Former Attorney General in Cyclist/Driver "Altercation"


The victim's bike. Images from CTV

For years, cyclists have been demanding bicycle lanes on Toronto's tony Bloor Street, but the shoppers with their Mercedes and Bentleys always carried the day. It is under construction right now, and even more difficult for both to co-exist.

Michael Bryant was a popular Attorney General who overhauled the human rights system, re-established civilian oversight of police and depoliticized Justice of the Peace appointments. But last night he had an altercation with a cylist who hung onto the side of his Saab convertible. Bryant then drove 300 yards down the wrong side of the street, evidently trying to brush the cyclist off with lamp posts and fire hydrants.


Michael Bryant's Saab

"He was driving on the wrong side of the street and up on the curb trying to knock him off the car for about 100 metres," said Ryan Brazeau, a worker with a crew laying sewer pipes on Bloor.

"Lots of people were watching and they couldn't believe what was happening."

He succeeded; the cyclist eventually fell off the car and under the rear wheels. He died around midnight.


Bryant in police car

It is too early to say what caused Bryant to do this; it always seems laughable when drivers say they were terrorized by a crazed cyclist, but we have heard it before. But one man is dead and another's future (Bryant was touted as a replacement for Premier Dalton McGuinty) is destroyed.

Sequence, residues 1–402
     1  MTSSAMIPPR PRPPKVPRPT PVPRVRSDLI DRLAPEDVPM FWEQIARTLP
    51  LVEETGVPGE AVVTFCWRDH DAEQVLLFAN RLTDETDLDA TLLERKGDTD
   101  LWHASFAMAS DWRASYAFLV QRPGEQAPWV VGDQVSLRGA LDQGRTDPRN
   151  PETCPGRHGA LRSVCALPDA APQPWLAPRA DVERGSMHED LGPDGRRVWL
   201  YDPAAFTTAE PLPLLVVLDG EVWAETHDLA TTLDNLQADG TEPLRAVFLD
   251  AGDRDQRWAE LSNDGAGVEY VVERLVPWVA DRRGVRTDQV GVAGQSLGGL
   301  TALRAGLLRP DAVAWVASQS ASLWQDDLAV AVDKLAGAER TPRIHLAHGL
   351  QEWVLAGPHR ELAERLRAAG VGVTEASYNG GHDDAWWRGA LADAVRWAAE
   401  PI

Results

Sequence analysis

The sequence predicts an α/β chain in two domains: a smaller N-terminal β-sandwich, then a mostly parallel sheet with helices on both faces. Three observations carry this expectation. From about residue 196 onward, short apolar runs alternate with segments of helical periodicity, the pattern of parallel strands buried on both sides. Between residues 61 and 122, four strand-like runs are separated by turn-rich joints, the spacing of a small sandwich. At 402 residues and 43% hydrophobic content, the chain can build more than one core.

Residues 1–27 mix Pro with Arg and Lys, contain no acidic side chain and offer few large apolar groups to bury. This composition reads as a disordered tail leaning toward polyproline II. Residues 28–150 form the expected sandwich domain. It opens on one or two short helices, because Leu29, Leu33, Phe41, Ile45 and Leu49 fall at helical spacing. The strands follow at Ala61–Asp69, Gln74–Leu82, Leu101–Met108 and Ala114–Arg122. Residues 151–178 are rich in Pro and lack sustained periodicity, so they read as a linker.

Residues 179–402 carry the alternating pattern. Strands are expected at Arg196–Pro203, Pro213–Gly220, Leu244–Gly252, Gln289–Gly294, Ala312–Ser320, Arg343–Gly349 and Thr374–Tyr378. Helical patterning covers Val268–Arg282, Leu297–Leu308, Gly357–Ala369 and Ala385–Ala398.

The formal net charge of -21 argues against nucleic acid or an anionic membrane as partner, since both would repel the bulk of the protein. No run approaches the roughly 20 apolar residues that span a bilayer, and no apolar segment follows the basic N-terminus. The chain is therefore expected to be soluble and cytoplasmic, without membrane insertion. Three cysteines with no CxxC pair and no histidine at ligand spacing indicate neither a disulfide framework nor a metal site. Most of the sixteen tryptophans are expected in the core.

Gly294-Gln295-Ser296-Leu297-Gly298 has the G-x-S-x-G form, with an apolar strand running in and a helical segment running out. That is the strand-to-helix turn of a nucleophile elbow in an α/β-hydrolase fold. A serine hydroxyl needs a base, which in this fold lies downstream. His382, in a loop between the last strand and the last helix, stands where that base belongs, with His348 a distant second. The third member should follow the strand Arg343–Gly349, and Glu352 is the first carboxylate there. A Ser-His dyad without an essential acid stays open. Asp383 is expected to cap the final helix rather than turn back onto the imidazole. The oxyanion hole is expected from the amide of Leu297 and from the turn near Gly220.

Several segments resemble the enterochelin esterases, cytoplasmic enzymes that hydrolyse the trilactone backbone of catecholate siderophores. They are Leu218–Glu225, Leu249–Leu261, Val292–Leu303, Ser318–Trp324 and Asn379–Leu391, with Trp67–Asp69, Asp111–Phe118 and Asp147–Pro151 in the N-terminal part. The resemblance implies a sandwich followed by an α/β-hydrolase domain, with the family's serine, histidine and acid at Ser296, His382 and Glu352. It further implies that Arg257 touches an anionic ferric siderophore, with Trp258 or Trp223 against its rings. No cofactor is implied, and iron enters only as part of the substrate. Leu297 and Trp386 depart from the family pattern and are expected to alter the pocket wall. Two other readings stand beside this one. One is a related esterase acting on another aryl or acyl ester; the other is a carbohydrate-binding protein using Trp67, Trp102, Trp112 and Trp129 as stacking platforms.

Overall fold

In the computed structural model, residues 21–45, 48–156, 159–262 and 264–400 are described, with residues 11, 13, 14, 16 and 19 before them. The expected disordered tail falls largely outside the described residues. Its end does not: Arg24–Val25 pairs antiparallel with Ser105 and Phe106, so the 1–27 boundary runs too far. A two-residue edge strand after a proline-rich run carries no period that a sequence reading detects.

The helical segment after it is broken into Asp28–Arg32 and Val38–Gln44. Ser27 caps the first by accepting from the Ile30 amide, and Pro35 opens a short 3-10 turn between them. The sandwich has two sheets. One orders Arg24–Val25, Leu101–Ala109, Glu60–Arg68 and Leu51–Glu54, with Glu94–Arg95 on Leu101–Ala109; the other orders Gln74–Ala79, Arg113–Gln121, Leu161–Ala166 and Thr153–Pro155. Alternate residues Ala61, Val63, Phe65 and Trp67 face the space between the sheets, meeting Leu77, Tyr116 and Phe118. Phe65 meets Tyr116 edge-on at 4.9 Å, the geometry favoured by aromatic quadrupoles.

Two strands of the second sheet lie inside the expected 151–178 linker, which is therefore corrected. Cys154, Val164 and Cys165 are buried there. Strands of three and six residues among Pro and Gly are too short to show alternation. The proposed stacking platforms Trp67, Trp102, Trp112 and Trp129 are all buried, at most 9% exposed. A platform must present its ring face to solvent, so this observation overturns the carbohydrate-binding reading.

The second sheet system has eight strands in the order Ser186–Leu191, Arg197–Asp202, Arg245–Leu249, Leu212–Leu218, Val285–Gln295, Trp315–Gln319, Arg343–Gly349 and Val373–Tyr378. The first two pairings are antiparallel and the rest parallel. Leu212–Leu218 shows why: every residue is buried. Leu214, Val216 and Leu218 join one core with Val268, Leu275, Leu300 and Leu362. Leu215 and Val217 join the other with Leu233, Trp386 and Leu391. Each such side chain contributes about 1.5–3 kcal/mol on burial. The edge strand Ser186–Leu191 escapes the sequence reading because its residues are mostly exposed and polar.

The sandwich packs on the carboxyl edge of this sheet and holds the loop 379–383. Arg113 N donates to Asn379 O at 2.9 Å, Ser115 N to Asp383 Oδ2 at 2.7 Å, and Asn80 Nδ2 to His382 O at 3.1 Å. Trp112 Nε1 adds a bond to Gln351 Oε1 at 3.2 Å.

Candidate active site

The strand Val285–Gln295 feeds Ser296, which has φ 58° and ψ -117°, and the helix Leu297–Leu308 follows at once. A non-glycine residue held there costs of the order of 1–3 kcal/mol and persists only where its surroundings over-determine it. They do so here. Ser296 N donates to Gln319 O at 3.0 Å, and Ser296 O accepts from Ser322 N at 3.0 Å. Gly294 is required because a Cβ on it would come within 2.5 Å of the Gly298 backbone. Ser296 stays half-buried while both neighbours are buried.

But one can certainly put some of the blame on the lack of decent bike infrastructure, particularly on a street where putting so many cyclists and drivers in such close quarters is just dangerous.

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From the Globe and Mail:

Ontario's former attorney general Michael Bryant is facing two charges after a fatal hit-and-run in Toronto's Yorkville neighbourhood Monday night.

Mr. Bryant will be charged with criminal negligence causing death and dangerous driving causing death, a police source tells the Globe, after a collision left a 33-year-old cyclist dead.

Timeline of events from Globe and Mail

From Premier Dalton McGuinty:

"It's just very sad, it is very tragic, how events that unfold in inside of a minute can have such a profound impact on people's lives. A negative impact," Mr. McGuinty said. Asked whether he thought Mr. Bryant would get special treatment because of his position as the former attorney general, the premier said: "I'm confident that anybody who would come before Ontario courts would be treated with due process."

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